HUD home: Still with me? This term refers to a home that was originally purchased with a loan insured by the Federal Housing Administration, which is part of the U.S. Department of Housing and Urban Development, or HUD. The FHA guarantees loans made by private lenders, so if a borrower defaults on an FHA loan, the agency will pay off the lender and take responsibility for the property. At that point, the property becomes a “HUD” home and is offered for sale in much the same way as a bank sells an REO.


20067797_SReady to buy your first home? Your first step is to visit a mortgage lender to see how much house you can afford. But be prepared for the paperwork that comes with it. Here are the documents you’ll be asked to provide as part of the loan application process:

Rental payment history. If you’re a first-time home buyer, you’ll need to provide proof that you paid your rent on time. Your lender can tell you how to document this payment history.

Tax returns. You will likely be asked for two or three years of tax returns with all the attached schedules and documents.

Paychecks, W-2s and other income documentation. Start with at least a month’s worth of paychecks, plus W-2 forms for you and your spouse. Do you have income from other sources? Include documentation for any freelance work, self-employment income and child support payments as well.

Account information. Your lender will want to see checking and savings account statements for at least one month. You may be asked for any other account statements as well to document your down payment funds and money you have set aside in savings.

Remember, the more quickly you respond to requests for documentation, the more quickly your loan application can be processed!


The 20 percent downpayment myth

Oct 3
7:29
AM
Category | General

793815 - two-story house with five dollar bills backgroundThink that you need a 20 percent downpayment to purchase a home? Many prospective home buyers buy into this myth, studies show. Yet research shows that among those who take out a mortgage to purchase a home, the median downpayment is about 10 percent.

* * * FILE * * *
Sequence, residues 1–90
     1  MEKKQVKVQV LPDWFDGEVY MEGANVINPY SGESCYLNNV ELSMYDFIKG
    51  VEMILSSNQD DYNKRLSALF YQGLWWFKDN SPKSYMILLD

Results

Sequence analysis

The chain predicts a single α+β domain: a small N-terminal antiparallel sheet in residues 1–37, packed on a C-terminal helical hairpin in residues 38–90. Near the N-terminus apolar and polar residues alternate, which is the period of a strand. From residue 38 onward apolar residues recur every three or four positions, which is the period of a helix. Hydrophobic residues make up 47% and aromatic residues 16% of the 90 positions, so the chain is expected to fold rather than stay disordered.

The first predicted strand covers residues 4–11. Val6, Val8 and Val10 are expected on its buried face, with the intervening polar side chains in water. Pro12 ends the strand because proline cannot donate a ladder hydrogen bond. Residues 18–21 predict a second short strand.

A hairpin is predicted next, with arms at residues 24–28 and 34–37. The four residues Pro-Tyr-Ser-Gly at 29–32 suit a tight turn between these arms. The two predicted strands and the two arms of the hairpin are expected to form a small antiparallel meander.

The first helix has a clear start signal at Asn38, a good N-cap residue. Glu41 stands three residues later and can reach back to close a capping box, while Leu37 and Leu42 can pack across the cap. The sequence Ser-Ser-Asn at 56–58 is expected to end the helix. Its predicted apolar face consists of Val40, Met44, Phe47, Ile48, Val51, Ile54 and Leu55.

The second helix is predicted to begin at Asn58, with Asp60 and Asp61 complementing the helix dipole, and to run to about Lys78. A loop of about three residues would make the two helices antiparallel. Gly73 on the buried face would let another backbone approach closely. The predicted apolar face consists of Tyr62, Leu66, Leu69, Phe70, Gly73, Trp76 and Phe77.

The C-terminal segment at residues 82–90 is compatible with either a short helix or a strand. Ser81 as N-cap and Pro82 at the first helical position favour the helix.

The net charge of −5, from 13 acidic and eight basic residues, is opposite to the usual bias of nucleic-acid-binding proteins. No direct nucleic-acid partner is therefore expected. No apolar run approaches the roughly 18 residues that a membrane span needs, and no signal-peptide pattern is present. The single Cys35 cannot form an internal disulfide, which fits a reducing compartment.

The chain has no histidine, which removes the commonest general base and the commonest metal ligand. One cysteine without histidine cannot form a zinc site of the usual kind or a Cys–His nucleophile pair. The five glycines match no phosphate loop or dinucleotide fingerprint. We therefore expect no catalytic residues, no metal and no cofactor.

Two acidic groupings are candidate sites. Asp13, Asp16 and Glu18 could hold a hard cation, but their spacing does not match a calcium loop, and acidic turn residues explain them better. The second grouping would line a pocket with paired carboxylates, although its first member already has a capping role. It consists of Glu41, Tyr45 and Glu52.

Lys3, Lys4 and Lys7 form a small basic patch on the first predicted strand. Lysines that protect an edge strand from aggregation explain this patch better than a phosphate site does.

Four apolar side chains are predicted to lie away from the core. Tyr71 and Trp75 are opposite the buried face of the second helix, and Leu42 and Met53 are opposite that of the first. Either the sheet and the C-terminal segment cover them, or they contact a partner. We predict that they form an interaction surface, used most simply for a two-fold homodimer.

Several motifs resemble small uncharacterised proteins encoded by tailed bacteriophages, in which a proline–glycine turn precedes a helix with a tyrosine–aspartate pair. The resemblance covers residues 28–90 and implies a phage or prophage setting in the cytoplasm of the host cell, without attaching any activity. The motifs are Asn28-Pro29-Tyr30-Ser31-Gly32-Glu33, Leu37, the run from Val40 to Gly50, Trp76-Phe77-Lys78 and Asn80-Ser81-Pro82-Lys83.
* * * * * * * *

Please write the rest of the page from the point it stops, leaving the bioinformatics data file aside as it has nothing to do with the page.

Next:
For first-time home buyers (comprising more than one third of all home buyers), the downpayment is typically lower, in the 5 percent range, while repeat buyers typically make a downpayment of around 14 percent, according to National Association of Realtors’ data.

In all, 88 percent of home buyers finance their home purchases. Some other home financing facts:

  • For 59 percent of home buyers, the source of their downpayment is wholly or partially their personal savings. Thirty-eight percent of home buyers use all or part of the proceeds from the sale of a primary residence, contributing to the larger downpayment for repeat buyers.
  • For 13 percent of buyers, the most difficult step in the home buying process is saving for a downpayment. Of those buyers, nearly half say that student loans made saving for a downpayment more challenging. Forty-two percent cite credit card debt as being their primary challenge; 37 percent cite car loans.
  • Of all home buyers surveyed, 65 percent are married couples, 18 percent are single females, 7 percent are single males, and 8 percent are unmarried couples.

Are you ready to purchase a home? We’re here to help you get started!


38391470 - female realtor giving young couple key from real estateYou found a home your family loves. But you’re not the only one who wants it. What’s the best way to make an offer on a home that other buyers are vying for as well? Here are some ways to put your best foot forward:

Start off with your best offer. This isn’t the time to start with a lowball offer and wait for the seller to make a counteroffer before you offer more. If you have competition, you’ll want to consider making your best offer right off the bat. That said, don’t let a multiple offer situation push you into offering more than you’re comfortable paying.

Make sure you’re pre-approved. Make sure you’re pre-approved for a home loan before you start your home search, not just prequalified. Attach your pre-approval letter to your offer.

Don’t skimp on earnest money. An adequate earnest money deposit is a sign that you’re serious about buying the home.

Don’t waive the home inspection. In multiple offer situations, it’s easy to get caught up in the competition and do whatever it takes to win. To stand out, some buyers will even elect to not make a professional home inspection a contingency of their offer. Home inspections are an important part of the home buying process and can help you spot costly problems.

Relax. There are so many parts of a multiple offer situation you have no control over, so try not to let the stress get to you.